NHTSA Won't Randomly Pull You Over & Test You For Booze Anymore (Without Your Consent)

March 17, 2014

Back in November, some motorists in Fort Worth, Texas had an unusual and unnerving experience: according to a report at NBC DFW, "Some drivers in North Fort Worth on Friday were stopped at a police roadblock and directed into a parking lot where they were asked by federal contractors for samples of their breath, saliva and even blood."

That may sound like a sobriety checkpoint, but it wasn't: it was part of a data-collection project overseen by the National Highway Traffic Safety Administration. The agency's goal was to gather statistics on the frequency of impaired driving, but according to Detroit News, the outcome was outrage from members of the U.S. Congress. Last week, NHTSA officials were brought to Capitol Hill for questioning by a panel convened by the House Transportation Committee.

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In its defense, NHTSA said that the program was both voluntary and anonymous. However, several of those tested in Fort Worth say that they had no choice, but were instead forced to pull over, and at least one motorist noted that the passive breath-testing began before drivers had given their consent to participate. 

During the hearing, NHTSA also pointed out that the program has been running for 40 years and that participants were compensated for their time -- $10 for a cheek swab, $50 for a blood draw. The current, $8 million survey has been running for over two years and is expected to wrap up later in 2014.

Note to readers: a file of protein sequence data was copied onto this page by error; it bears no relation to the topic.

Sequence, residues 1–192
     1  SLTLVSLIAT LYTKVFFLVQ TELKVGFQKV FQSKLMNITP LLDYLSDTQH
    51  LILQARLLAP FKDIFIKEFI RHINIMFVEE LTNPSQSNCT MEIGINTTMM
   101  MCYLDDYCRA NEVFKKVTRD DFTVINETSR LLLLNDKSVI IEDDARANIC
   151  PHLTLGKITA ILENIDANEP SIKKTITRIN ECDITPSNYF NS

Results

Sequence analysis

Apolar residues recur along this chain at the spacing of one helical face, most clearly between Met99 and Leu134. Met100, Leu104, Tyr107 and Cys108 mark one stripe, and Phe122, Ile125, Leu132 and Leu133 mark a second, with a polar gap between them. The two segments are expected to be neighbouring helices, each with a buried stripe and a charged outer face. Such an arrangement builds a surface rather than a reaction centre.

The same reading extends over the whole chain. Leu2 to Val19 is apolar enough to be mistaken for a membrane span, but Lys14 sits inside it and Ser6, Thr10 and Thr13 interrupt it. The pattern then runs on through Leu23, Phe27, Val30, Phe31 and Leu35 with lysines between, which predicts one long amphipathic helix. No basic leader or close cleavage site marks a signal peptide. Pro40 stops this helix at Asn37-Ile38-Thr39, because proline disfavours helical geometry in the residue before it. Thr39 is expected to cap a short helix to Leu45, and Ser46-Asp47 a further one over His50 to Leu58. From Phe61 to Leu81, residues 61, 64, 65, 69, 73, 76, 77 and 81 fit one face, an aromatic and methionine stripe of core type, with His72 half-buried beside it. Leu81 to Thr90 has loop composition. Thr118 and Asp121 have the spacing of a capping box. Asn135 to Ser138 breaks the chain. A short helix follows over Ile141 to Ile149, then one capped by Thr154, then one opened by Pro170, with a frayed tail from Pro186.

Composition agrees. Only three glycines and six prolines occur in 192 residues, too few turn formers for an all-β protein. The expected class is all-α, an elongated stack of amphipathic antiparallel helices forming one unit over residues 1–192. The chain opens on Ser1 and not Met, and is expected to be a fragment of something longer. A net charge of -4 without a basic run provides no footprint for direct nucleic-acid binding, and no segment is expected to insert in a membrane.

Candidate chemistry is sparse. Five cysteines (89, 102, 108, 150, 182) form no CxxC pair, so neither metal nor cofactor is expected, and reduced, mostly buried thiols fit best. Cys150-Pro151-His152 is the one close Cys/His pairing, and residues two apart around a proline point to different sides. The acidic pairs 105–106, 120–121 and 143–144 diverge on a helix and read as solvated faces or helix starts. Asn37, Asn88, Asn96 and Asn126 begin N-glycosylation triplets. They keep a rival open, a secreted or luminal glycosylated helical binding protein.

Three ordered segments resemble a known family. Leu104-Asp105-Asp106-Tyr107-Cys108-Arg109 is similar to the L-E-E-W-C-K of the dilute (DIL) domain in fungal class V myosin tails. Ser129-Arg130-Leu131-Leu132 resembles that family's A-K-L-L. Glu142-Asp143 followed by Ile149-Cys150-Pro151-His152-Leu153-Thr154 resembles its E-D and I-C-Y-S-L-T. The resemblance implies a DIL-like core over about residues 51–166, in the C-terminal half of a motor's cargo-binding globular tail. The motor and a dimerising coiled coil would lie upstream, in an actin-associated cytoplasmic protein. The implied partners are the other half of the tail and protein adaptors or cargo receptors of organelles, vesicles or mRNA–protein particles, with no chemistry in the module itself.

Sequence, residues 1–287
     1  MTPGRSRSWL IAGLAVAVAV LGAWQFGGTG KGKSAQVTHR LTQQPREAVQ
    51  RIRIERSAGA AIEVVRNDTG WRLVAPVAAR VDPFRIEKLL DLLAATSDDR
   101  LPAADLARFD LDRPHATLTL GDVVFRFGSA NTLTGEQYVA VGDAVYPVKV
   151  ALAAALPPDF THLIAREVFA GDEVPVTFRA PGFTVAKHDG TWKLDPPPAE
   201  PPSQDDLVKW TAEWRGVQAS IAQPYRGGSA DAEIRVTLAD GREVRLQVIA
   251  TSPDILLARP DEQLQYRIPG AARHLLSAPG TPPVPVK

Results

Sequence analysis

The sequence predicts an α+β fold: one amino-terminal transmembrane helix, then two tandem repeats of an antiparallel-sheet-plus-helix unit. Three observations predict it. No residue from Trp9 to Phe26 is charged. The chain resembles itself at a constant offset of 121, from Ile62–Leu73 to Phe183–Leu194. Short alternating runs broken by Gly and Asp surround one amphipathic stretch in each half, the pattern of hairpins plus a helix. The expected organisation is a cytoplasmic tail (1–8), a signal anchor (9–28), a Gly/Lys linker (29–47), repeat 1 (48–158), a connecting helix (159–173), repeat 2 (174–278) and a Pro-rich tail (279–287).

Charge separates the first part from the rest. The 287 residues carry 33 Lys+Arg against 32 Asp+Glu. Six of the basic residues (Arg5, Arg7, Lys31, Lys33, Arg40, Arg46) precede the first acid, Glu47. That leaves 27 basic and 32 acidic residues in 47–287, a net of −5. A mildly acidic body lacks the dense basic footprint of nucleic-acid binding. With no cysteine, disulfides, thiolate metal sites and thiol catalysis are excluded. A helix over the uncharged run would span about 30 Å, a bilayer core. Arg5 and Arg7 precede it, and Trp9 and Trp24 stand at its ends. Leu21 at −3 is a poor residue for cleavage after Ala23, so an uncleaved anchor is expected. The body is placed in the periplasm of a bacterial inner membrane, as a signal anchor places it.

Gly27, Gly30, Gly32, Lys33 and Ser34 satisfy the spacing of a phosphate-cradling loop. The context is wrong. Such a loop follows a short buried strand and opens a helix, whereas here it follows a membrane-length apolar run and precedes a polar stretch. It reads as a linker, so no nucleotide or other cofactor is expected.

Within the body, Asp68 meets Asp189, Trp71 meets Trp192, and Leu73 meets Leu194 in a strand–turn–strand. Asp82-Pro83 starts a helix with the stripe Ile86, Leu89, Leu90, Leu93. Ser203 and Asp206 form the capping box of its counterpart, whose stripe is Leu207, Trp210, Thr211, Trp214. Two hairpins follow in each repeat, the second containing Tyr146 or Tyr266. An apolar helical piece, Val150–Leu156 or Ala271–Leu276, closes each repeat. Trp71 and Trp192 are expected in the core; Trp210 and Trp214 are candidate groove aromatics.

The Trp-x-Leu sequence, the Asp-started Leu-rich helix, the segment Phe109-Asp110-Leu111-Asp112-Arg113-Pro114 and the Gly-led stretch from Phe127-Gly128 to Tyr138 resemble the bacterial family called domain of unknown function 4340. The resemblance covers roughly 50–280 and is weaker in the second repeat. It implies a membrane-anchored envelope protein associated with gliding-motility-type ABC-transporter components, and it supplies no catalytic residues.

NHTSA also claimed that no one has ever been arrested based on the results of such roadside tests.

Despite that, NHTSA officials agreed to re-structure its data-gathering projects in the future. Specifically, it will secure consent from participants before any testing is done, and it will stop using air samplers for passive analysis of drivers' breath.

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We understand the importance of gathering data on impaired driving, but how NHTSA could've ever green-lighted this kind of project is beyond us.

Even the most confident, law-abiding driver is likely to feel a little intimidated by a checkpoint -- and although NHTSA might argue that the tests don't use "checkpoints" per se, that's exactly what it feels like when drivers are forced to the side of the road. Having the tests conducted by police officers -- even off-duty officers, as happened in Fort Worth -- makes the situation that much harrowing. Who's going to say "no" in that situation? 

Bottom line: it's important to get data on drivers, but it's equally important to maintain public trust. NHTSA failed on that count, hands down.


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